Many questions remain to be answered regarding the introduction of AVs; including, whether the individual in the AV would need to hold a valid driver’s license or whether distracted driving rules would continue. It is also unknown whether their introduction would have more advantages or disadvantages to public health. Potential advantages include reduction in traffic accidents, improved road safety, potential positive effects on health equity, and decreased fuel emissions. On the disadvantages side, job security for those in transportation services could be at risk, and the price point and availability of these vehicles could further increase the gap between those with and those without the means to afford a vehicle. One thing is for certain: the introduction of AVs will affect how we live and work, so buckle up for the ride!

  1. Epstein, Z. Google’s self-driving cars will hit public roads this month. BGR, 2017 Available at: (Accessed January 11, 2017).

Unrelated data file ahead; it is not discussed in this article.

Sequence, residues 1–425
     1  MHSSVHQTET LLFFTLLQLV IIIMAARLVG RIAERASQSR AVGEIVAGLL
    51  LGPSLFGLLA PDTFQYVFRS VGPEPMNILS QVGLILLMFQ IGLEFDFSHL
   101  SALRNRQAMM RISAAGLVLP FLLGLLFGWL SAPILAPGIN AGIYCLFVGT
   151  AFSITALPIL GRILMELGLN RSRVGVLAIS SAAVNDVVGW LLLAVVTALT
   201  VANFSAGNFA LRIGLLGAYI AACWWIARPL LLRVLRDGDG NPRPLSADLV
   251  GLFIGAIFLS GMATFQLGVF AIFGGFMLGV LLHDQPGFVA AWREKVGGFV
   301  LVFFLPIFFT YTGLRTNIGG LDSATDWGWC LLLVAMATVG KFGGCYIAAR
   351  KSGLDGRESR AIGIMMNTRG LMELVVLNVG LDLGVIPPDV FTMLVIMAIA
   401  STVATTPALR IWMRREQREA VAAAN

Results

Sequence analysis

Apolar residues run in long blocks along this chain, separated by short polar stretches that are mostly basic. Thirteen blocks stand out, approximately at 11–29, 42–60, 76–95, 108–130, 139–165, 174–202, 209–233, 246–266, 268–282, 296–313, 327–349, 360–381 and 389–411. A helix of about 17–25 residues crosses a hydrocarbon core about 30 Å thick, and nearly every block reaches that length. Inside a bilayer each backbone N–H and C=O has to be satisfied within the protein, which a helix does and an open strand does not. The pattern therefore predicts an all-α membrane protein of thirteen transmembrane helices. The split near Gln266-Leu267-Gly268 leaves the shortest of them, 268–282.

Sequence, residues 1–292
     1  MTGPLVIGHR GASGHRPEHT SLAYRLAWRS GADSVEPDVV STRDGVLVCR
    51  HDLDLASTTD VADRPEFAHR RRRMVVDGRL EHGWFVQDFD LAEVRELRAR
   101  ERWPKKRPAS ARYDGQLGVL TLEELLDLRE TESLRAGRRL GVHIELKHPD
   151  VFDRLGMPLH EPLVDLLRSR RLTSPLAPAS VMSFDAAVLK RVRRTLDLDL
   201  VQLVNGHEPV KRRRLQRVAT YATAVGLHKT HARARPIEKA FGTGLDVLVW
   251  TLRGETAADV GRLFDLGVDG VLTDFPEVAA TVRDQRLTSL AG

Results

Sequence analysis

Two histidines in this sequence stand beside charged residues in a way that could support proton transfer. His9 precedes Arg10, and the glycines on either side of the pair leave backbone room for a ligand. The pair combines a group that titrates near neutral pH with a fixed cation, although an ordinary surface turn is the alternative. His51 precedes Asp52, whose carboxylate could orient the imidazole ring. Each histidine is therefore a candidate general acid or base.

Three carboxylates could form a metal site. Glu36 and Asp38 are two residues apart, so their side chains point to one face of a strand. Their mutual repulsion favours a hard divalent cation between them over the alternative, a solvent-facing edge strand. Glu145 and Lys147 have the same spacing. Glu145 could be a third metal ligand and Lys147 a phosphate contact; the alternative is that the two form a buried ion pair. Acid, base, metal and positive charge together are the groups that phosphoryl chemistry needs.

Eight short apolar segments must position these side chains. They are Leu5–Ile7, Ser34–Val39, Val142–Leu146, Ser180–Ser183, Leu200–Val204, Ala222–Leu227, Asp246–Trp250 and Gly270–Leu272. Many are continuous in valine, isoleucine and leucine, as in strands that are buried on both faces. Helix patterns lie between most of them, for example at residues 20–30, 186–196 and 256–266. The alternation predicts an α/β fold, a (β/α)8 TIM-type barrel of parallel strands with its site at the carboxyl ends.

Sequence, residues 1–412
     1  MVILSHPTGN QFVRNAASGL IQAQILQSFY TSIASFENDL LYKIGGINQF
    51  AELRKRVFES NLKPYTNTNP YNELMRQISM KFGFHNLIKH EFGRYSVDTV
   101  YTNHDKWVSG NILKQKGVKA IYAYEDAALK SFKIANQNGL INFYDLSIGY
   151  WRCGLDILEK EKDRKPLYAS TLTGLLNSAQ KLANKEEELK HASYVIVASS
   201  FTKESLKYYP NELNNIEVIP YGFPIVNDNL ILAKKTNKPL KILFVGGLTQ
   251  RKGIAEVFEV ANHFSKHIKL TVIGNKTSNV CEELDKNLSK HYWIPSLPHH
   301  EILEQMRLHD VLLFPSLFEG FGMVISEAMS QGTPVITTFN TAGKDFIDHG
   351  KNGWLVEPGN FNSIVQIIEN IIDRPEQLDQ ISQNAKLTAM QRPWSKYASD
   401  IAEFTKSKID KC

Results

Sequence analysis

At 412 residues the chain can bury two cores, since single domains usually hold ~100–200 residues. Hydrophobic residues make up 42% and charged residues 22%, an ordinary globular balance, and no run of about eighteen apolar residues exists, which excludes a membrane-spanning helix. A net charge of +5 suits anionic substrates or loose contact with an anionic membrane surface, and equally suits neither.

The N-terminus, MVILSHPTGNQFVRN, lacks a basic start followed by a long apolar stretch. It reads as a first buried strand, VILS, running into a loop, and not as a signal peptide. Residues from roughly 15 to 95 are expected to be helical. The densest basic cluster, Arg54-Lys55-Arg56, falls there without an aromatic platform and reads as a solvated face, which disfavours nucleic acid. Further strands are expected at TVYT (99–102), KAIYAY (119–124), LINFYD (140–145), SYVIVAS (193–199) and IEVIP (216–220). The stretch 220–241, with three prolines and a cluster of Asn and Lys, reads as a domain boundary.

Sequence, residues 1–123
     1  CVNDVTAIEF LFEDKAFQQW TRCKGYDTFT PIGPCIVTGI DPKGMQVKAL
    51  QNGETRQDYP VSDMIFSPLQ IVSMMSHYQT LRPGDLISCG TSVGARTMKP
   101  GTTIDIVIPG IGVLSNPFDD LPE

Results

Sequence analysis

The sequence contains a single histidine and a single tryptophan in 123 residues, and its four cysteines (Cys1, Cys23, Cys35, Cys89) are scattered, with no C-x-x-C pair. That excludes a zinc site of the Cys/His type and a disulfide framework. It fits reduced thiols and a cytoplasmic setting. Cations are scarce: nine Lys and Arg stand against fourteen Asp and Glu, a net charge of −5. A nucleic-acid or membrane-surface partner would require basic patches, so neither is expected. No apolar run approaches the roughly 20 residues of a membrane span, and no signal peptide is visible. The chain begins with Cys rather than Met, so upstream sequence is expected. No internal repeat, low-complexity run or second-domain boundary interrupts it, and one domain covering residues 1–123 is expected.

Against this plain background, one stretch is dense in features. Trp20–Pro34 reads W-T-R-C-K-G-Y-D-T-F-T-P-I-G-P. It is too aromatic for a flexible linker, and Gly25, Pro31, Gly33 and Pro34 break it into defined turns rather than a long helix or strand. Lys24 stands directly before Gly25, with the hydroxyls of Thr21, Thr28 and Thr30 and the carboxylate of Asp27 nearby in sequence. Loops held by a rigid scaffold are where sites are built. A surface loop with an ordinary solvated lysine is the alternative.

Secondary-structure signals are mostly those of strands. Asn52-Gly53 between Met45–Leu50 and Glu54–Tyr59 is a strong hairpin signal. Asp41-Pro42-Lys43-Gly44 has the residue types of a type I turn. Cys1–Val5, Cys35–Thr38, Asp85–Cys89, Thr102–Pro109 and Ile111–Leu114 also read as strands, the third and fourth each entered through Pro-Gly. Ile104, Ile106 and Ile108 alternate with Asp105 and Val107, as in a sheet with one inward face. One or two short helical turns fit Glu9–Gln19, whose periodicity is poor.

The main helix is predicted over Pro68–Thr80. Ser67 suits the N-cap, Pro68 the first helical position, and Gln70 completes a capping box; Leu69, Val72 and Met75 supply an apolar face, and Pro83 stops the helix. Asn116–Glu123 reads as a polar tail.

2. Richland, J., Lee, J., & Butto, E. D.  Steering Autonomous Vehicle Policy: The Role of Public Health. Altarum Institute, 2016. Available at: (Accessed January 11, 2017).
  3. Surden, H., & Williams, M. A. Technological Opacity, Predictability, and Self-Driving Cars. Cardozo Law Review, 2016. 38(121).
  4. Google. Google’s autonomous vehicle. Weebly, n.d. Available at: (Accessed January 20, 2017).
  5. Pettigrew, S. Why public health should embrace the autonomous car. Australian and New Zealand Journal of Public Health 2016; 41(1).
  6. Kalra, N., & Paddock, S. M. Driving to Safety. How many miles of driving would it take to demonstrate autonomous vehicle reliability? RAND Corporation, 2016. Available at: (Accessed January 11, 2017).
  7. Solon, O. Why self-driving cars aren’t safe yet: rain, roadworks and other obstacles. The Guardian, 2016. Available at: (Accessed January 11, 2017).